The toxicity of tetra and trimethyl and propyl lead compounds has been studied after their administration to rats and rabbits. The toxicity to rats of tetramethyl lead has been compared with tetraethyl lead when given by inhalation.
Both tetramethyl and tetrapropyl lead were found to be considerably less toxic than trimethyl and tripropyl lead. There was evidence of a slow rate of conversion of the tetra to the trialkyl lead forms in rats in vivo.
Although there was a distinct difference between the signs of poisoning seen after giving the methyl or the propyl lead compounds the primary site of action for both groups appeared to be the central nervous system.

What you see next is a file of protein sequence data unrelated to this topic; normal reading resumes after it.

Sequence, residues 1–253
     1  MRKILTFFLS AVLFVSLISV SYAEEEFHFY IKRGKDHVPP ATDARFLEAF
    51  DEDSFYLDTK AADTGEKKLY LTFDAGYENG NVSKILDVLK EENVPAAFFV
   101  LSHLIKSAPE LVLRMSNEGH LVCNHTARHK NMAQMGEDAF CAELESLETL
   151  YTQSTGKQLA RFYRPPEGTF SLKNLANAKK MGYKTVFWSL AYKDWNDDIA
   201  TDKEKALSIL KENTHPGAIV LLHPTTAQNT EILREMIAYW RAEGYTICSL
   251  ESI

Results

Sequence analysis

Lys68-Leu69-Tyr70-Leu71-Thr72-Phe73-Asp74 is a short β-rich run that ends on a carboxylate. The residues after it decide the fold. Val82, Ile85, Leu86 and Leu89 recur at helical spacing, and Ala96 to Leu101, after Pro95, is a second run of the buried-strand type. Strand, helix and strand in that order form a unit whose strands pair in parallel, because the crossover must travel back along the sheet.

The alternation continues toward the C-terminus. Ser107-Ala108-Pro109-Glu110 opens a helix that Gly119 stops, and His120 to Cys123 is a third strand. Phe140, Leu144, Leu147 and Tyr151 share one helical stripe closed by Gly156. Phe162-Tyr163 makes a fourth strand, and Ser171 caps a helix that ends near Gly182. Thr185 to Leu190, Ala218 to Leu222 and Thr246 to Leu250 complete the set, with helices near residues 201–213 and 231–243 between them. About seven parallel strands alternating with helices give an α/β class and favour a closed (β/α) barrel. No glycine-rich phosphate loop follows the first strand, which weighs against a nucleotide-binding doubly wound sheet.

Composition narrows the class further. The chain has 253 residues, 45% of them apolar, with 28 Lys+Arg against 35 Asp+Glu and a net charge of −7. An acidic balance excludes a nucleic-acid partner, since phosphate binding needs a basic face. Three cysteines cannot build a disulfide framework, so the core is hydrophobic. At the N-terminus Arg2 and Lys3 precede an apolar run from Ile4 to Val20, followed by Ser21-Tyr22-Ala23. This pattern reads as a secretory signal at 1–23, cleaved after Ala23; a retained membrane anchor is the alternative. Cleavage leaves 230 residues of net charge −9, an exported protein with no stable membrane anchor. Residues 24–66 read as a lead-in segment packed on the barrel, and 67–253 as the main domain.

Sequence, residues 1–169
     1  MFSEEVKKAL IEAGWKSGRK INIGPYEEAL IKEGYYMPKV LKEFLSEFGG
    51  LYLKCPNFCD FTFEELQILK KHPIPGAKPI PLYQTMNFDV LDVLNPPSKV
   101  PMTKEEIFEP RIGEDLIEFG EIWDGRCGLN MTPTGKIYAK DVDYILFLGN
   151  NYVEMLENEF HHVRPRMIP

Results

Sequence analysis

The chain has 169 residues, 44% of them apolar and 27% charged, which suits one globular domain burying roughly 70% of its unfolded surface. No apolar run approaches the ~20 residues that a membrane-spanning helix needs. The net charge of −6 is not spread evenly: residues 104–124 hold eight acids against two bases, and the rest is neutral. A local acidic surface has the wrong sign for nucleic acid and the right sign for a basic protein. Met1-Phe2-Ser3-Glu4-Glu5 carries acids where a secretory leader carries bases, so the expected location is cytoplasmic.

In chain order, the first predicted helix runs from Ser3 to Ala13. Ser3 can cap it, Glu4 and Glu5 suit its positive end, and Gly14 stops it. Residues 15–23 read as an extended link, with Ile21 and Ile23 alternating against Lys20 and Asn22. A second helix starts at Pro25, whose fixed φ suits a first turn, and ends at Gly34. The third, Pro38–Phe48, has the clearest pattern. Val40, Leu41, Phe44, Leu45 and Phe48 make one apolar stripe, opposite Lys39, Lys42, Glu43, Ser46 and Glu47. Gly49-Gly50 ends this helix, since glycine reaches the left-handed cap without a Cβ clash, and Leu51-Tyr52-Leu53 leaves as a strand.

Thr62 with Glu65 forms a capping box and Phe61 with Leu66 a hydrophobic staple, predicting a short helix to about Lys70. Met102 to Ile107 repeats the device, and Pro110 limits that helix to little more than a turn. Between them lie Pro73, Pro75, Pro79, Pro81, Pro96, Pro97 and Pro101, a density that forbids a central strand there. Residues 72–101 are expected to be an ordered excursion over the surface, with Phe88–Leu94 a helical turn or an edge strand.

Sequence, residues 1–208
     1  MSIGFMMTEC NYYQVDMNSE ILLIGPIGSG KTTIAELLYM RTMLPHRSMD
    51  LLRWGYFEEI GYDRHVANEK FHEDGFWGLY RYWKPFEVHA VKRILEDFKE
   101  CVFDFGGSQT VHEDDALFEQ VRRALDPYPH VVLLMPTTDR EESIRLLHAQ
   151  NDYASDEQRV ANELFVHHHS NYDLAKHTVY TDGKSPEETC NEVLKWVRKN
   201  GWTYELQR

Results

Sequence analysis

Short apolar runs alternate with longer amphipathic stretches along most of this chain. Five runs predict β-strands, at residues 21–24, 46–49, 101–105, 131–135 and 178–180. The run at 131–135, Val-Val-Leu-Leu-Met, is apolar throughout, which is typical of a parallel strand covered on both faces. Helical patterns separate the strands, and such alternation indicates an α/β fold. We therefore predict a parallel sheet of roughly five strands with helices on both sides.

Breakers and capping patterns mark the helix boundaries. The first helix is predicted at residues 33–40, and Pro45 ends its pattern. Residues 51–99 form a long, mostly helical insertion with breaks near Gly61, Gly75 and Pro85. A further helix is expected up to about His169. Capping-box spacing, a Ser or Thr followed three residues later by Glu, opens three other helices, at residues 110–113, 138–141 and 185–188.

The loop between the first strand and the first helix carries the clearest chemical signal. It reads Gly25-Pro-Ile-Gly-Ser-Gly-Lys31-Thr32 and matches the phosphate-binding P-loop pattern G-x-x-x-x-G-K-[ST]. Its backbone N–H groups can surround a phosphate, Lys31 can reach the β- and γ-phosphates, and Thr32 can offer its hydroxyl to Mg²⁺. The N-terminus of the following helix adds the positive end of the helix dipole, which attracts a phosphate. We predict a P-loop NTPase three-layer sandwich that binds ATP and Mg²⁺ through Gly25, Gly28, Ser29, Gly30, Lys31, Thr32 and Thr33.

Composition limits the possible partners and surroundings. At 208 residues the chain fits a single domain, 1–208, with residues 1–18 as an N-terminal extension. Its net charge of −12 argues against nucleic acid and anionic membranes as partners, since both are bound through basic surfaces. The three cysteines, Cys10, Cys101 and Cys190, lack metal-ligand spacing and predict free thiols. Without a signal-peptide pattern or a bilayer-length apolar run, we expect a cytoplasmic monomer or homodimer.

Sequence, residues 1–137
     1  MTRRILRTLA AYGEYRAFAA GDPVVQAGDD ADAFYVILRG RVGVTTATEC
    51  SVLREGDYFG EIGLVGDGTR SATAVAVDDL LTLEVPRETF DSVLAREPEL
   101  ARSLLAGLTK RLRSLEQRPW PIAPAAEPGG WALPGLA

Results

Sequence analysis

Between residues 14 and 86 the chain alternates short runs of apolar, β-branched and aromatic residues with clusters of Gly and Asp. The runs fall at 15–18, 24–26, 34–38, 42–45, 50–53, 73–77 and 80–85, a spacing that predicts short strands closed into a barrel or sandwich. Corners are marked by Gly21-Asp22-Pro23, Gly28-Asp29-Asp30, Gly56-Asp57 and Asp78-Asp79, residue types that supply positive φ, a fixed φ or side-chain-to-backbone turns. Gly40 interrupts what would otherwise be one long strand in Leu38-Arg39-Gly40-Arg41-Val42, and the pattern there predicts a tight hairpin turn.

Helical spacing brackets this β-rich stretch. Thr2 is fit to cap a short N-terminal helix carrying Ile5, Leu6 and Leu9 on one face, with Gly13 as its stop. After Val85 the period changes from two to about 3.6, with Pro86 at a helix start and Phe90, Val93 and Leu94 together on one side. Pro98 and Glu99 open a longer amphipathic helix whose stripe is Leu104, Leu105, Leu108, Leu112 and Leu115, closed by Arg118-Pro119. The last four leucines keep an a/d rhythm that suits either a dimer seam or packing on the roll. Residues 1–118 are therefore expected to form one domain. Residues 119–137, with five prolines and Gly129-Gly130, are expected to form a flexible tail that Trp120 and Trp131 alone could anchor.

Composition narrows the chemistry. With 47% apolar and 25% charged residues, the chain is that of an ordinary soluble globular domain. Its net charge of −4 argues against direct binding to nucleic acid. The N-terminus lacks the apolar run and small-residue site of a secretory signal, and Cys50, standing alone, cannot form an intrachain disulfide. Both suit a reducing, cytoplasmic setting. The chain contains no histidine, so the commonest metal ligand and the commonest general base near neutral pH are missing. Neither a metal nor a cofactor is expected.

Some biochemical studies using slices of rat brain cortex showed that trimethyl and tripropyl lead inhibited the oxidation of glucose whereas tetramethyl and tetrapropyl lead were a hundred times less active in this respect.
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